In humanity's sake,
Very truly yours,
(signed) A Fick.
Citation: Knute Nelson Papers. Minnesota Historical Society, St. Paul, Minnesota. 114.I.13.2F Box 26
This is a hammer-like tool with steel head and "DS" in raised reversed letters on either end to stamp railroad ties. Manufactured by Panniers, Pittsburgh, Pennsylvania, 1940-1990.
For more information or to purchase a photograph of this item, view this tool in our collections database.
"No Peace Till German Rulers are Curbed by People at Home" and "Artillery Fighting of Violent Nature Again Begun on Verdun Front" - The Duluth Herald
This cyanotype photograph from 1905 shows people sitting along the sidewalk in Minneapolis. Cyanotype is a printing process that uses blue ink.
For more information or to purchase a photograph of this item, view this photograph in our collections database.
"German Losses are Fifty Thousand in Flanders Report from July First" and "Do Your Bit; Give the Drafted Men a Rousing Sendoff When They Leave" - The Bemidji Daily Pioneer. August 28, 1917
This rolled sleeping pad was made by Mountain Hardwear and used by Ann Bancroft of Minnesota during the 2000-2001 Bancroft-Arnesen Expedition to Antarctica.
For more information or to purchase a photograph of this item, view this pad in our collections database.
On 27 August, 1917, Gold Star sergeant Clyde Fouts arrived at New Mexico’s Camp Cody to begin his military training. The nineteen-year-old was originally from Greenwood, Wisconsin, but he had lived for many years in Red Wing, Minnesota. Though he was not required to register for the draft, Fouts nonetheless volunteered for military service and began preparing to serve as a sergeant in the 125th Machine Gun Battalion of the American Expeditionary Forces. In a letter to his mother, Fouts explained that military service would allow him to support himself financially, and by extension, to be a “useful,” “good,” and “honest” man. Unfortunately, Fouts became one of the United States’ many victims of influenza-related pneumonia. He died at Camp Cody on 11 April 1918, before he could serve abroad. Fouts (left) is pictured below with one of his fellow recruits at Camp Cody.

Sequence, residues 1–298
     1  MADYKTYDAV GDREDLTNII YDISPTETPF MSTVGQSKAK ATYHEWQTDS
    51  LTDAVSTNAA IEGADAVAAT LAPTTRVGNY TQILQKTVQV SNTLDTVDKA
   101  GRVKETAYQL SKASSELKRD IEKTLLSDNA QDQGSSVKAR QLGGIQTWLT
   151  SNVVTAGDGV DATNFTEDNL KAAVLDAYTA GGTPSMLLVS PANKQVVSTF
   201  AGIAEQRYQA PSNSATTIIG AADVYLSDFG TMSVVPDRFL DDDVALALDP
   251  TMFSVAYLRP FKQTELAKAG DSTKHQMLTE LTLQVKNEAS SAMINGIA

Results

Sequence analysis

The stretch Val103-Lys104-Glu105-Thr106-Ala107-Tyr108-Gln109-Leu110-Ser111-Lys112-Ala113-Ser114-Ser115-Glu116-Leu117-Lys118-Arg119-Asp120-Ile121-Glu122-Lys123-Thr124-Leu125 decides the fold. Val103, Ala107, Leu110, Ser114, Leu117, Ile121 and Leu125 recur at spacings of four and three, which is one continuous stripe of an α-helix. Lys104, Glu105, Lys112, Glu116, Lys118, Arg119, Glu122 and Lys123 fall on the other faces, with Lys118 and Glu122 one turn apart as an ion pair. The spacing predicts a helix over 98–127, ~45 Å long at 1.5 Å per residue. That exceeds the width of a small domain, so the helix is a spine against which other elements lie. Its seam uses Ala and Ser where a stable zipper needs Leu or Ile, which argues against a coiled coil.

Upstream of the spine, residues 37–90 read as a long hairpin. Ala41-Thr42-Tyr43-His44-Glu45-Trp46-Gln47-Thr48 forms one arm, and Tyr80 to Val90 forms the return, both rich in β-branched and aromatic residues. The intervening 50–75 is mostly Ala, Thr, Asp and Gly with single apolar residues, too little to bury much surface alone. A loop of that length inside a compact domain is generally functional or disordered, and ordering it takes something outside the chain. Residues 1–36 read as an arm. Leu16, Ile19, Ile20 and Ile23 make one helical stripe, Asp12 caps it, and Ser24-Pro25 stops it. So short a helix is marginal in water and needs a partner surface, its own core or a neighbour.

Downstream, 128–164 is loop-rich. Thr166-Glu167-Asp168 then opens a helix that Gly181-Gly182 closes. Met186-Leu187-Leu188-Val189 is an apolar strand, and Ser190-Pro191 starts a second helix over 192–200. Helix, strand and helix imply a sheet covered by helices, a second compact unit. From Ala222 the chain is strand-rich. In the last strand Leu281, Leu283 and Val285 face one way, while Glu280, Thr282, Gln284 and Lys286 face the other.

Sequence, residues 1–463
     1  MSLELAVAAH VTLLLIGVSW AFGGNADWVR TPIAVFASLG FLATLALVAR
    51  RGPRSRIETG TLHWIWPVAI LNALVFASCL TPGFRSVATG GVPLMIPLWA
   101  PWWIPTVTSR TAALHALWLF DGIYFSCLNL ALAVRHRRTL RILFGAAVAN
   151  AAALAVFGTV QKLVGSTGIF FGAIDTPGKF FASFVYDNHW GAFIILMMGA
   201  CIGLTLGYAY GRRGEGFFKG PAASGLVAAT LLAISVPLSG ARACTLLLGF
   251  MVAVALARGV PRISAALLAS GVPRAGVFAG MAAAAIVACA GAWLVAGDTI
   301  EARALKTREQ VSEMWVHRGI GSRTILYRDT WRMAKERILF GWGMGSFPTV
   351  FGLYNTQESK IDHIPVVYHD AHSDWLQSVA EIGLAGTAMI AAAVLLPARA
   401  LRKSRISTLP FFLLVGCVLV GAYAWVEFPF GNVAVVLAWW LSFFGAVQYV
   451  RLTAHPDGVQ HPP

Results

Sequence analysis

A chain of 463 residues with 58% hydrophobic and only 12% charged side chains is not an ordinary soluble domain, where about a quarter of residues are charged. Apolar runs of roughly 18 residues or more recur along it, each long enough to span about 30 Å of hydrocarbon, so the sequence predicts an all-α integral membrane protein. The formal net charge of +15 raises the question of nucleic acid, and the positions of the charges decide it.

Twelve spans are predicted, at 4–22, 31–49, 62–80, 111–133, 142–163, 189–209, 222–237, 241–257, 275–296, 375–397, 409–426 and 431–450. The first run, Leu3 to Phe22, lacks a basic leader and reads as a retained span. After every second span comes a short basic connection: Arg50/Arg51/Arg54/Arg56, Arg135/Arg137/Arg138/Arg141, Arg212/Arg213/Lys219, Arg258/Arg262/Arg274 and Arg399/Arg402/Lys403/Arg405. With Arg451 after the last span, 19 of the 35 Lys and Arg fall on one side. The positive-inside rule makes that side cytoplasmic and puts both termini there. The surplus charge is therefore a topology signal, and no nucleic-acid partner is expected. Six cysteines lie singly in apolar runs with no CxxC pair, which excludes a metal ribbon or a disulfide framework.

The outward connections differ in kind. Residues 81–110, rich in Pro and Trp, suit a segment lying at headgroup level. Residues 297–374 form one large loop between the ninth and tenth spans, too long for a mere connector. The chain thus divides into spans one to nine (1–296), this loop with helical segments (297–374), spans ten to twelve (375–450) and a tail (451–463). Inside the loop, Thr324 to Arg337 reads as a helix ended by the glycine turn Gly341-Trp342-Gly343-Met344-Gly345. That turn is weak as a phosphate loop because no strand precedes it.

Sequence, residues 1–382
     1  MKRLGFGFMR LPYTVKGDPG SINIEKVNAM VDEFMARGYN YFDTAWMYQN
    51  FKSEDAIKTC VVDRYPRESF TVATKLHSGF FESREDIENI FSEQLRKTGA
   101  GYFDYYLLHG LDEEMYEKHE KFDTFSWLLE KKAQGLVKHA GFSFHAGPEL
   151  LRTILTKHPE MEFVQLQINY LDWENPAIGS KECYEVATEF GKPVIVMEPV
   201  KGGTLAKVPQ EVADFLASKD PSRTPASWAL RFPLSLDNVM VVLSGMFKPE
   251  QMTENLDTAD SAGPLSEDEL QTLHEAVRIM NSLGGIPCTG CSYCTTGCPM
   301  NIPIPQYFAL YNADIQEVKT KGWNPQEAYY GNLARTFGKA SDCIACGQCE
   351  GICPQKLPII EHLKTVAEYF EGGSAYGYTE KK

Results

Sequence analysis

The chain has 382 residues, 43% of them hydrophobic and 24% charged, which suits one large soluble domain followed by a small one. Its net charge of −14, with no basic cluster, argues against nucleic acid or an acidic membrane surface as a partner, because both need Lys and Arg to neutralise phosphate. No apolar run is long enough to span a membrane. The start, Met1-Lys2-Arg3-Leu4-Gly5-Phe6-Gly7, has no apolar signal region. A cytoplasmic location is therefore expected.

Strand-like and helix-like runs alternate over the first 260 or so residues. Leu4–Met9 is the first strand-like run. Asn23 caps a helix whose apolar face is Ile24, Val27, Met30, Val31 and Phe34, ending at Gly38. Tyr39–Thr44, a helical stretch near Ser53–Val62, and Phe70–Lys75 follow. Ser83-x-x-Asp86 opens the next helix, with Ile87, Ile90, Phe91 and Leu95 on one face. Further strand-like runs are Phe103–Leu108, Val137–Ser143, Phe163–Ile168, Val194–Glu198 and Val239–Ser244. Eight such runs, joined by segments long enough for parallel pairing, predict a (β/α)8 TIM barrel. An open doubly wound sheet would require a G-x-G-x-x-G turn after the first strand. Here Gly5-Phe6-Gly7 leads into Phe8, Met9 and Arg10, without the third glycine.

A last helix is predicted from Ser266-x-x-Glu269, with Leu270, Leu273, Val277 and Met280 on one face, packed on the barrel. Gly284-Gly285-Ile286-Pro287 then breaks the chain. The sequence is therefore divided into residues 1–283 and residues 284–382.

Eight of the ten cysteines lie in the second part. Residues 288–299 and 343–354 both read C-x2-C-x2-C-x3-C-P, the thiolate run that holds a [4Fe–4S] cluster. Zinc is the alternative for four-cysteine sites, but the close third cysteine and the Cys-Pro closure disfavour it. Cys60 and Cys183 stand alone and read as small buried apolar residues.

Citation: "Fouts, Clyde E." Minnesota Public Safety Commission. Gold Star Roll. Minnesota Historical Society, St Paul, Minnesota. 114.D.4.3B
While the Home Front of the First World War featured a great many posters for motivation and recruitment, perhaps none is so famous as the following. This poster features Uncle Sam, an older, bearded white man made to represent the United States, who is shown wearing a star-studded top hat and pointing his index finger toward the viewer. The lower part of the poster reads, “I WANT YOU FOR U.S. ARMY,” in capital letters with the word “YOU” emphasized with a larger and brighter red typeface. In smaller print at the very bottom of the poster, it reads, “NEAREST RECRUITING STATION,” and space is left to write the address of a local U.S. Army Office. This poster was published by the Leslie-Judge Company in 1917, and it was used for Army recruitment all over the United States.
Come see the exhibit of engaging, surprising acquisitions to the collection we have made over the last year!
We are always excited about new acquisitions because they are top of mind. But we want to share these with you for three reasons:
- Show what we collect and why
- Demonstrate how history is being made every day and how we are trying to document both the past and present
- Because these items are so cool!
Some of the items here are old but new to our collection; others are just a few months old.
Visit the exhibit during Library hours until the end of November.